Infectious mononucleosis-like syndrome probably attributable to Coxsackie A virus infection

Burke A. Cunha, Nardeen Mickail, Andrew P. Petelin

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1 Scopus citations


Infectious mononucleosis (IM) is a clinical syndrome most often attributable to Epstein-Barr virus (EBV). Characteristic clinical features of EBV IM include bilateral upper lid edema, exudative or nonexudative pharyngitis, bilateral posterior cervical adenopathy, and splenomegaly ± maculopapular rash. Laboratory features of EBV IM include atypical lymphocytes and elevated levels of serum transaminases. Leukopenia and thrombocytopenia are not uncommon. The syndrome of IM may also be attributable to other infectious diseases, eg, cytomegalovirus (CMV), human herpes virus-6 (HHV-6), or Toxoplasma gondii. Less commonly, viral hepatitis, leptospirosis, brucellosis, or parvovirus B19 may present as an IM-like infection. To the best of our knowledge, only 2 cases of IM-like infections attributable to Coxsackie B viruses (B3 and B4) have been reported. We present the first reported case of an IM-like syndrome with sore throat, fatigue, atypical lymphocytes, and elevated levels of serum transaminases likely due to Coxsackie A in an immunocompetent adult.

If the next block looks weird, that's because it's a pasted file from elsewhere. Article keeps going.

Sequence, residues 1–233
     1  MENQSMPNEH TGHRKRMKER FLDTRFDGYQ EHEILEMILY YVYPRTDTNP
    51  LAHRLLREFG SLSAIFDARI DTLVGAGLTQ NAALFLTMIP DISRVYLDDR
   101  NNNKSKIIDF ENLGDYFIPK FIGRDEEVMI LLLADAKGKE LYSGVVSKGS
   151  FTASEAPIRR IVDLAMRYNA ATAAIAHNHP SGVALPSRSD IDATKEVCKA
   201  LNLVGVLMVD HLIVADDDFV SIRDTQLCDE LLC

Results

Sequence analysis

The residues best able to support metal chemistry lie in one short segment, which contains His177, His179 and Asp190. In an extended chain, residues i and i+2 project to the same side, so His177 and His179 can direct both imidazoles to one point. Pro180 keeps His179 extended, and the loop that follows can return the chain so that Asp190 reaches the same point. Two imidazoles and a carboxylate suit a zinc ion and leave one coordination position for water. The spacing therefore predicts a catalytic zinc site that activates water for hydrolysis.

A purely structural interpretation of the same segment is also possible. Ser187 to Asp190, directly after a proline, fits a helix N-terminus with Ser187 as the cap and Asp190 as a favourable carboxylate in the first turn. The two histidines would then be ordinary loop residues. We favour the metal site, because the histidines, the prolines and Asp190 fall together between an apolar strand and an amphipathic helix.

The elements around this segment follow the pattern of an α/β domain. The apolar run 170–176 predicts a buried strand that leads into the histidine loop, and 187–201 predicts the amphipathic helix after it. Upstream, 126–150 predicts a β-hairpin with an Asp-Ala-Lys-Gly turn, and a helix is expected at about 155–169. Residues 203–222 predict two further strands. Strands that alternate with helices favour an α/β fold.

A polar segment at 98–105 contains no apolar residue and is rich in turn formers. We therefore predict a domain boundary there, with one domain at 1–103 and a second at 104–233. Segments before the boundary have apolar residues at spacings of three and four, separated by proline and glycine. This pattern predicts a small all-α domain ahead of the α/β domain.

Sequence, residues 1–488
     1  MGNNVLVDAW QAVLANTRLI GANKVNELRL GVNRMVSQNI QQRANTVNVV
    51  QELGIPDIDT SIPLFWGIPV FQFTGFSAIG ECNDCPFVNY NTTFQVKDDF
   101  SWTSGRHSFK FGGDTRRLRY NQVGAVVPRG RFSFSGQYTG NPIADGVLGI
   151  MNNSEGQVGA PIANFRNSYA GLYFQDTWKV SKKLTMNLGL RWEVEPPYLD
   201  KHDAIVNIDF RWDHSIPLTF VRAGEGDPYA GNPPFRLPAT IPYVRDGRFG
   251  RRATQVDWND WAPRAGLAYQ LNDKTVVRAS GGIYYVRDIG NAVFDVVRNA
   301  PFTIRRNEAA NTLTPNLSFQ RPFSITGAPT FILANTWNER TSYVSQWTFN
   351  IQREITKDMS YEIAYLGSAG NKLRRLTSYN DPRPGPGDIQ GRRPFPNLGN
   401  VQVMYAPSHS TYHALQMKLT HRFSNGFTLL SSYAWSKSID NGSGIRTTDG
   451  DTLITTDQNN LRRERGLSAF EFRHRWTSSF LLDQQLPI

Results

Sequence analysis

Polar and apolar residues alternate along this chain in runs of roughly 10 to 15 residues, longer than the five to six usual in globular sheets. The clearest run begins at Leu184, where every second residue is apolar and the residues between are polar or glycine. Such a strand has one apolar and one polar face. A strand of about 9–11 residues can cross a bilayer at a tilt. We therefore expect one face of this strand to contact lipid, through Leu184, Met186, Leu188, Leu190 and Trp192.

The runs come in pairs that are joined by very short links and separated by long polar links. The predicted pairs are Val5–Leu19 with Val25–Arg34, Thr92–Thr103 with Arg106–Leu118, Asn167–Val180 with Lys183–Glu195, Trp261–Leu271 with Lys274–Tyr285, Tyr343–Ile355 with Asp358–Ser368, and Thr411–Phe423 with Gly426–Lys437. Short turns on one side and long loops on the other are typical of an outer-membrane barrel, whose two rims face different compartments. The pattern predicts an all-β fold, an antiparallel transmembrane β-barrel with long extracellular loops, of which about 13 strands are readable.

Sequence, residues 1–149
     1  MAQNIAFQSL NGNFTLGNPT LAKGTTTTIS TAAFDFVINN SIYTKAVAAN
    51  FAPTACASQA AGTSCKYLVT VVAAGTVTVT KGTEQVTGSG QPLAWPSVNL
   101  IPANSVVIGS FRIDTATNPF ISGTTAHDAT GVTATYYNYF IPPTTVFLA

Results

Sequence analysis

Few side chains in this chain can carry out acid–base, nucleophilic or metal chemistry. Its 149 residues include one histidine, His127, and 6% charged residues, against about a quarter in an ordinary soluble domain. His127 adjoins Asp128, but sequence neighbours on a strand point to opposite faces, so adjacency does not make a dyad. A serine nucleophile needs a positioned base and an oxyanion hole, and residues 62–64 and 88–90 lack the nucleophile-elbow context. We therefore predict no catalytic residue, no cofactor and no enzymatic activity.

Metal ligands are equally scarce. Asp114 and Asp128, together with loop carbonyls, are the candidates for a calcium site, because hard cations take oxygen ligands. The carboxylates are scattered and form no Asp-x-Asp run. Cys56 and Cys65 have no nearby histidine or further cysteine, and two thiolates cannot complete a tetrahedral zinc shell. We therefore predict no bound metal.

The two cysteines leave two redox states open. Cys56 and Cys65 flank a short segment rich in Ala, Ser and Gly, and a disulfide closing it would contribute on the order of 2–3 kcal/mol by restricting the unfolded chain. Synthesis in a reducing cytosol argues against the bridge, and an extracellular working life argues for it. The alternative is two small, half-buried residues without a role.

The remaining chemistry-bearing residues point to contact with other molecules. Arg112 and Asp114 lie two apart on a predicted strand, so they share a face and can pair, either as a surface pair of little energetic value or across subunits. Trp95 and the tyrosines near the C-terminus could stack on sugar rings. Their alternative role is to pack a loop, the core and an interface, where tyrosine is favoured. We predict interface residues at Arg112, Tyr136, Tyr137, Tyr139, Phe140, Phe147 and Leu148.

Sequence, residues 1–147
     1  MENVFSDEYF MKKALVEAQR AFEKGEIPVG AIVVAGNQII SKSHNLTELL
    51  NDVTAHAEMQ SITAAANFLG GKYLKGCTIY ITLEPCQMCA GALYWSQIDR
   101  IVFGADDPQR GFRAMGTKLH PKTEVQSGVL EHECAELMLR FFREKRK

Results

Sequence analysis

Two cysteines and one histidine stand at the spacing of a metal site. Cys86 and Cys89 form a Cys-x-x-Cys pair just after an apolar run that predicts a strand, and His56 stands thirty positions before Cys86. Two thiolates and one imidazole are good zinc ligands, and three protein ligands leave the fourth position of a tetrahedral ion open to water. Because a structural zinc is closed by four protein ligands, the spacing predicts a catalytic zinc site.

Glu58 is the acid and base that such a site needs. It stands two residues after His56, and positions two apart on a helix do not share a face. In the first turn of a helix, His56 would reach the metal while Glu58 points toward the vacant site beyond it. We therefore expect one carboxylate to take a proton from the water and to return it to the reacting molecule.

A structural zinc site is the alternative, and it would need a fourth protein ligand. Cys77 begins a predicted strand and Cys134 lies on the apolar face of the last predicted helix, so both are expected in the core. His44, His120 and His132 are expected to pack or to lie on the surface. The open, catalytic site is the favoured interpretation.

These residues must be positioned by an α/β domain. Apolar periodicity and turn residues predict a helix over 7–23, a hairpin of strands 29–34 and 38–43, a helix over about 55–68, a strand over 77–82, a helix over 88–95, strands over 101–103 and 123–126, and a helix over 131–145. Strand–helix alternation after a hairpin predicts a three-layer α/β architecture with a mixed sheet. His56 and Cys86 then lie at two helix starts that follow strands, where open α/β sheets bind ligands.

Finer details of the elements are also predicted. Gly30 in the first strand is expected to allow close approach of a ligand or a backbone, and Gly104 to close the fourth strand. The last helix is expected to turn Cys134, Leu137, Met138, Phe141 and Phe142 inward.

Original languageEnglish
Pages (from-to)522-524
Number of pages3
JournalHeart and Lung: Journal of Acute and Critical Care
Issue number5
StatePublished - Sep 2012
Externally publishedYes


  • Atypical lymphocytes
  • Coxsackie A virus
  • Infectious mononucleosis
  • Infectious mononucleosis syndrome
  • Mono-like illness


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